tutor | nour zoghby fares
Today, cities are confronting unmatched demographic, economic, social, environmental and spatial challenges with more than half of the world’s population living in urban areas. That figure will rise to 6.5 billion people by 2050 -two-thirds of all humanity- with 95 percent of urban expansion taking place in the developing world (United Nations, 2015). To face this upcoming challenge, countries and cities must prepare for this rapid urbanization and plan for resilient sustainable spatial expansion strategies; otherwise dramatic consequences will become the reality.
Consequently, in various cities around the world, devastating results have already materialized: poverty and unemployment are rising, informal chaotic human settlements and lack of appropriate housing are on the up rise, basic services -sanitation, water, waste disposal, energy and public transportation are lacking to non-existent, crimes are rampant, environmental pollution is spreading, health is deteriorating, and climate change natural or man-instigated disasters come to magnify the already alarming situation. To achieve the New Urban Agenda’s goals, a participatory process, engages partners, stakeholders, urban professionals, governments, the private sector and the communities targeting cities to become sustainable, inclusive, safe and resilient.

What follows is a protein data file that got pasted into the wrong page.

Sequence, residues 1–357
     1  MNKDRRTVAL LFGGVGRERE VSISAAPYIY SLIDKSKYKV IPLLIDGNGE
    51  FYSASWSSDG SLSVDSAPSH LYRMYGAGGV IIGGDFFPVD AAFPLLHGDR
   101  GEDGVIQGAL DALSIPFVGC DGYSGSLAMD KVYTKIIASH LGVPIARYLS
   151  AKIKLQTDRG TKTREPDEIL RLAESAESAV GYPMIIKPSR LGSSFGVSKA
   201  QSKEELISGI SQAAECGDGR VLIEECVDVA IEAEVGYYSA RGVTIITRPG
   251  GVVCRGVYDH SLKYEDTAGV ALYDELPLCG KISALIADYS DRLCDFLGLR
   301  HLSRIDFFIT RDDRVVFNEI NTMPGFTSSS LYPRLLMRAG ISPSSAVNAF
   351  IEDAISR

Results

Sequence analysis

Using Beirut as a case study, students became part of this global discussion by investigating different types of spatial vacancies and reimagining them as collective spaces. These strategies respect and commemorate memory of space and propose sustainable urban development. Students were divided into groups of three and studied six types of spatial vacancy; vacant infrastructure, vacant lots, vacant structures, vacant platforms and vacant public spaces.